Eli Williamson died in Washington, NC, in 1915 at the home of his daughter following an illness on only five days. He was ninty-one. Williamson, a colored pilot, was wounded aboard the CSS Curlew during the battle of Roanoke Island. He was a third generation freedman from Murfreesboro, NC, and had served as the Curlew’s pilot prior to the Civil War.
Williamson, born on 23 December 1824, lived with a family of Quakers in his youth. They taught him to read and write, tie fishing nets, and rig seines for large fisheries. He enlisted in the US Navy prior to the Civil War. When he left the Navy, he entered the merchant service and worked his way up to chief pilot for the steamer Curlew.
On the 20 November 1861 Curlew muster roll, Williamston was listed as a seaman, but at the time of his wounding he was acting in his pre-war position as pilot. Following the Curlew’s sinking, he accompanied the crew back to Gosport. He was among the Curlew crewmen reenlisted and placed on the receiving ship by Commander T.T. Hunter to serve as the crew on his new command: the Maury gunboat Old Dominion. The unfinished ship was destroyed when Gosport was abandoned in May of 1862.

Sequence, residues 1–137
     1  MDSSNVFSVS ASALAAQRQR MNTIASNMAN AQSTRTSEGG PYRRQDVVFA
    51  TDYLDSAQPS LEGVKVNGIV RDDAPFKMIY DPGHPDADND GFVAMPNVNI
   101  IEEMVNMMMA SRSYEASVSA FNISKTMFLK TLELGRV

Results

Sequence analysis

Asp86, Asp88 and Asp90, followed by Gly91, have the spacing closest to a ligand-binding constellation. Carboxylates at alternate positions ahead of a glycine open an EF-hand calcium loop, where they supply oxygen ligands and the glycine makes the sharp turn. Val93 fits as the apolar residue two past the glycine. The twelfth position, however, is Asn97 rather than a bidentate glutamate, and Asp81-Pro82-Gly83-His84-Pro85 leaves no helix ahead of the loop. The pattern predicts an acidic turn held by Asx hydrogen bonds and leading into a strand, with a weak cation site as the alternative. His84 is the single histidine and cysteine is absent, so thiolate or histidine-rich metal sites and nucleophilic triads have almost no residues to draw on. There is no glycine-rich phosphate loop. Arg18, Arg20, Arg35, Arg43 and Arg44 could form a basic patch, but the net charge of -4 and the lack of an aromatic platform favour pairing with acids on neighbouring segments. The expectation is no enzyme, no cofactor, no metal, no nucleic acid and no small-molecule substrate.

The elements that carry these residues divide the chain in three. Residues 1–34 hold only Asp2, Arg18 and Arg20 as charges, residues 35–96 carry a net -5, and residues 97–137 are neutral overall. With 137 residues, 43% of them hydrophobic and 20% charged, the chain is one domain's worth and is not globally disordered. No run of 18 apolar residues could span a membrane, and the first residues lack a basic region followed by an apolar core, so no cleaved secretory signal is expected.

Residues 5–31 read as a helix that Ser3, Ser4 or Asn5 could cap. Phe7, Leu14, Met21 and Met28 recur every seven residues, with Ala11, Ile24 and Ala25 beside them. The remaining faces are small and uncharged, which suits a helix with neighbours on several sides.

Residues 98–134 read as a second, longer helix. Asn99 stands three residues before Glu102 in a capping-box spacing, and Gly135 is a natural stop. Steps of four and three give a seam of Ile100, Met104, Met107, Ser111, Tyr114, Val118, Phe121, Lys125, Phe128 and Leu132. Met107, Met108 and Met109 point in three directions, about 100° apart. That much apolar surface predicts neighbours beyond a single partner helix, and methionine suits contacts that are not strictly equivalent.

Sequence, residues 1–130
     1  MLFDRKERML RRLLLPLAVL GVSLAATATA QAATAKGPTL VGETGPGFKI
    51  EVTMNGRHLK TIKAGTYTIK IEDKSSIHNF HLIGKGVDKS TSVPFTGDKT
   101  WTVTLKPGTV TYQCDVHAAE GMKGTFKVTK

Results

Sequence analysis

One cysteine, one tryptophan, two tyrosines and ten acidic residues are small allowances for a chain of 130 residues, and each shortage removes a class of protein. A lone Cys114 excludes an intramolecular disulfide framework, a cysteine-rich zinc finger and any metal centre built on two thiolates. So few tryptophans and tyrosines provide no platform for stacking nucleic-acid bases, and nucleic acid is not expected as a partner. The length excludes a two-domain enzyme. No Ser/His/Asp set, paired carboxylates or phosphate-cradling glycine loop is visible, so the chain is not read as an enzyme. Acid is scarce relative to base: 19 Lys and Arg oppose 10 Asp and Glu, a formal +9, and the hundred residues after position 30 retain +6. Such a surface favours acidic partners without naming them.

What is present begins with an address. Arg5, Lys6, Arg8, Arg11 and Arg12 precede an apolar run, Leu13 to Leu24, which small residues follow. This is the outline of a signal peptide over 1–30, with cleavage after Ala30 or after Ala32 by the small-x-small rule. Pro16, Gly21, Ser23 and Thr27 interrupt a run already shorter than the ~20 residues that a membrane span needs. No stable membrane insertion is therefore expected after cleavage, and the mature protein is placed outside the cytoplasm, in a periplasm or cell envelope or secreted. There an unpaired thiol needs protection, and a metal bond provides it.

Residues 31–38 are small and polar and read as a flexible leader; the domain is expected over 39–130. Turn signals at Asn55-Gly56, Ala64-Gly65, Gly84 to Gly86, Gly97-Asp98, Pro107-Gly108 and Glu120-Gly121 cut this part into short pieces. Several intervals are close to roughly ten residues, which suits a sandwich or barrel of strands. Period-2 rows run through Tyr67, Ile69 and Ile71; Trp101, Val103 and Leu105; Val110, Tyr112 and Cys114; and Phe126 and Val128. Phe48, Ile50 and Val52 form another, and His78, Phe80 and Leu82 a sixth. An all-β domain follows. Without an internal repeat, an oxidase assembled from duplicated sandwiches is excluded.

Williamson had four daughters that grew into maturity: Curlew, Katherine, Seabird, and Emma, each one named for a ship he had served on prior to the war. (Thank you, Chris Olson, for that piece of information.) Eli Williamson’s story can be read in his obituary at: http://cdm15170.contentdm.oclc.org/cdm/singleitem/collection/p15170coll8/id/441/rec/2